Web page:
Harry Reid To Meet With Filibuster Reform Advocates

Harry Reid Getting Serious About Filibuster Reform
UNITED STATES - NOVEMBER 13: Senate Majority Leader Harry Reid, D-Nev., speaks to the media after the senate luncheons in the Capitol. (Photo By Tom Williams/CQ Roll Call)
UNITED STATES - NOVEMBER 13: Senate Majority Leader Harry Reid, D-Nev., speaks to the media after the senate luncheons in the Capitol. (Photo By Tom Williams/CQ Roll Call)

WASHINGTON -- Filibuster reform advocates have been here before. A Senate bogged down in procedural gridlock drives Democratic leadership to threaten a change of rules, only to back away at the last minute when a group of Republicans offer a gentlemen's agreement. The agreement proves temporary, agitation sets in and the threats reemerge. Lather, blather, repeat.

So, as Majority Leader Harry Reid (D-Nev.) has once again raised the specter of upending the rules of the Senate in order to bring functionality to the chamber, there is no shortage of skepticism.

And yet, those around the majority leader insist that his determination is sincere this time. By way of evidence, one progressive activist sent The Huffington Post an invitation addressed by Reid's office to "supporters of filibuster reform." The invitation is for a Thursday event, where attendees can hear from Reid directly about "his thinking on changing the rules."

Such scheming usually doesn't happen unless political action is afoot. It appears that it is.

In an interview with The Huffington Post on Wednesday, Sen. Jeff Merkley (D-Ore.), one of the loudest champions of narrowing the filibuster, insisted that this wouldn't be yet another instance of the football being placed invitingly in front of Charlie Brown's foot. After a showdown this January resulted in a toothless set of procedural changes and another standoff this summer resulted in a fleeting pact between the parties, Democrats are beyond frustrated, the Oregon Democrat said.

"Members who hoped we could recreate the understanding and comity of the past -- which was to retain the ability to filibuster nominees with the understanding that it would only be used rarely based or related to a nominee's qualifications or if there was an exceptional concern -- now realize that that is impossible," Merkley said. "The new Republican strategy of blocking nominees solely based on the argument that they were nominated by this president has put a strike through the heart of that hope."

Aides on the Hill are equally adamant that this isn't some big bluff on Reid's part. One top aide told The Huffington Post that even if Republicans simply allowed for up-and-down votes on the president's three nominees to the U.S. Court of Appeals for the District of Columbia Circuit (the nexus of this current filibuster fight) it wouldn't dramatically alter the party's thinking.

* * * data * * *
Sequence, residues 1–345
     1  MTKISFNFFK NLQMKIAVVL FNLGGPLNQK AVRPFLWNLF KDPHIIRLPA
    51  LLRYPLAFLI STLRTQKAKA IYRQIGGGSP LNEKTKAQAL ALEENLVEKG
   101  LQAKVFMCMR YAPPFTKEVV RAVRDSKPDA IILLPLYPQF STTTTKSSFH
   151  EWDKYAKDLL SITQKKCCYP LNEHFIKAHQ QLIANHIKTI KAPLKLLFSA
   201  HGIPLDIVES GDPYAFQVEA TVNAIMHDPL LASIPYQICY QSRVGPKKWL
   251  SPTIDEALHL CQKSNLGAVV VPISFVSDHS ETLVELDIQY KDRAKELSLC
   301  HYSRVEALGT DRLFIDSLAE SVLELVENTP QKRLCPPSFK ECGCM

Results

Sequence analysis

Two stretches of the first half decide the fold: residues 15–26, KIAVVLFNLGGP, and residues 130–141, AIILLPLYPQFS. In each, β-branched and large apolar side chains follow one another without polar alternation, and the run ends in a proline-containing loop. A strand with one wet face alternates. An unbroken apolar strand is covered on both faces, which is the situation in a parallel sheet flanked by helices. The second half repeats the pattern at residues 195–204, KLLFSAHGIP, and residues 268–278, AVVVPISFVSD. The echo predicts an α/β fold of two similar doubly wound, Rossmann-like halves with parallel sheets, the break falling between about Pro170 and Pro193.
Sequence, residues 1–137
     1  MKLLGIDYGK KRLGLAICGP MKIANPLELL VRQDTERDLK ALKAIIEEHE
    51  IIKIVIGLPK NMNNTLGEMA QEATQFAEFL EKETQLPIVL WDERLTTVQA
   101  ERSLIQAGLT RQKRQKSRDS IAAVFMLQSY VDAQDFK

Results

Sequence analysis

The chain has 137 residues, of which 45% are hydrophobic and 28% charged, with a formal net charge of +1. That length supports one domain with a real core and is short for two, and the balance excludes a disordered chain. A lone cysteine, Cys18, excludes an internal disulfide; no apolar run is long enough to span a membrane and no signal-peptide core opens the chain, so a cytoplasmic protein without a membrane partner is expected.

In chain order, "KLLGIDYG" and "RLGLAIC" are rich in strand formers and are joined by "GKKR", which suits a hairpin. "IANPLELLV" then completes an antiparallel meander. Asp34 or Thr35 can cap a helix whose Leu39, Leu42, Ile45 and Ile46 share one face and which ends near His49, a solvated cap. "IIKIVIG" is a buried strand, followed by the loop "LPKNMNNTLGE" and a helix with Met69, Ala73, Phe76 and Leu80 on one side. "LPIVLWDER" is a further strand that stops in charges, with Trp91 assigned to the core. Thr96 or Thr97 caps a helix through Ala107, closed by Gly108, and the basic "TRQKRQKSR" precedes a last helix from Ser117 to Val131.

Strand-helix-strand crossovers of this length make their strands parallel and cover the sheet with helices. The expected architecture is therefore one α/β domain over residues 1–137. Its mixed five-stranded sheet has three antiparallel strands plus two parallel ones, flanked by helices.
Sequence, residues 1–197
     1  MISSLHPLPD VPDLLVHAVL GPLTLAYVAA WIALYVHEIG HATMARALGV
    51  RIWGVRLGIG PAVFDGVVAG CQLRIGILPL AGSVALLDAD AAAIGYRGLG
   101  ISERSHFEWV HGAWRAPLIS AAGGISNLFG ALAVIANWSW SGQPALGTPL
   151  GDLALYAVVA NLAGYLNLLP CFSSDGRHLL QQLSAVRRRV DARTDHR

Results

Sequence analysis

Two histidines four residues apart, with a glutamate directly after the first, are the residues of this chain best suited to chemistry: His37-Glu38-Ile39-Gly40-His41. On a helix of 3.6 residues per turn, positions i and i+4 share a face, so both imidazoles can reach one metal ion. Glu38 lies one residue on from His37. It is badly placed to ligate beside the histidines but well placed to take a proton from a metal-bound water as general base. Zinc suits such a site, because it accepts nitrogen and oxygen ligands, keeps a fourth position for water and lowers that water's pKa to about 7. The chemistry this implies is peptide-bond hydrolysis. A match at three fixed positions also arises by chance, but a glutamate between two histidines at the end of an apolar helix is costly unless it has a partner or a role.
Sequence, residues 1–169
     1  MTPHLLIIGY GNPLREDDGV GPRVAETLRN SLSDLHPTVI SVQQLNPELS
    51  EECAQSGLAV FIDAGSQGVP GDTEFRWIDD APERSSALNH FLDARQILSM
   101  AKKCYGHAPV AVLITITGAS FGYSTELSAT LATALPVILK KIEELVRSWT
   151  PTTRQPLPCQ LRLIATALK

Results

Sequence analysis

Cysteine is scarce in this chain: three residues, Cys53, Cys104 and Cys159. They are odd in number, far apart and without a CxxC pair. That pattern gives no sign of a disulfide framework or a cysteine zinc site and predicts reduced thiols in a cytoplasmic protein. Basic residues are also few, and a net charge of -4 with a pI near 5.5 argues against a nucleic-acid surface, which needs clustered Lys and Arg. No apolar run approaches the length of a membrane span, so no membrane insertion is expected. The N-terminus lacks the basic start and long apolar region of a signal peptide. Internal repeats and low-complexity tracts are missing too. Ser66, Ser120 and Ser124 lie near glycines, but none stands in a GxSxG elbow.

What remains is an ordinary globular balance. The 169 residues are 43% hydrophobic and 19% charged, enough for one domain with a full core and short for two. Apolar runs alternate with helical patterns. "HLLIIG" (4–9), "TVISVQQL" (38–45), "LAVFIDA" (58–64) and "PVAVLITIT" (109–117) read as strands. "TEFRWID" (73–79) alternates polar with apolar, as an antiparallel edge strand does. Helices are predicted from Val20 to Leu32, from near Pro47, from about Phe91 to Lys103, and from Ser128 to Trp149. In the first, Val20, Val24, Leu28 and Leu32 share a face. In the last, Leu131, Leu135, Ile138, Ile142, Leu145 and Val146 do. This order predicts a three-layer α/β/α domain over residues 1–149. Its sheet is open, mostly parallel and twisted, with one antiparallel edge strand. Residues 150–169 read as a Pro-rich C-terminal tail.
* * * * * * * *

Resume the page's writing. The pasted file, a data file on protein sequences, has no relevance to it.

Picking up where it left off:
"There is no indication that there is eagerness on our side that we could just take a few nominees and we will back off," the aide said.

Perhaps even more telling is that back-channel talks to avert the so-called "nuclear option" aren't happening at the level they were in standoffs past.

"There is nothing like that going on at this time," the aide said, when asked if the brokers of the last compromise –- Sen. Chuck Schumer (D-N.Y.) and John McCain (R-Ariz.) –- were trying to find a way around the impasse.

Whether Reid has the votes to actually move forward with rules reform is another question entirely. According to aides, the majority leader is personally whipping members and holding the number of votes he has close to the vest. He has been pitching a rule change that would allow for simple majority votes on executive nominees and district and circuit court judges. Supreme Court justices would still require a 60-vote threshold for approval under this plan, as would every bit of legislation.

Reid is planning to move fast regardless. An aide said a motion to reestablish the Senate rules is more likely to come this week than next month. After all, momentum is there. Grey beards of the Senate, such as Pat Leahy (D-Vt.), have expressed their support for changing the rules; something that was not a given in prior showdowns. In addition, some of the more prominent abortion-rights senators -- Sens. Dianne Feinstein and Barbara Boxer, both Democrats of California -- have said they would be supportive of a rules change. Rules reform is something they have been hesitant to do in the past, out of fear it could open up the floodgates to anti-choice judges and legislation if Republicans retook the majority.

Merkley says fear of a future GOP majority is misplaced. For starters, he noted, those anti-choice judges have managed to get through the Senate during past Republican administrations even with the filibuster in place. More importantly, he argued, it would be naïve to think that a hypothetical Senate Majority Leader Mitch McConnell (R-Ky.), serving under a hypothetical Texan GOP President Rick Perry or Ted Cruz, wouldn't move swiftly to change the rules himself.

"I don't doubt that they would do it," he said.

The Huffington Post asked McConnell's spokesman, Don Stewart, if Merkley's point was legitimate.

He replied, "Sen. McConnell has said the opposite."

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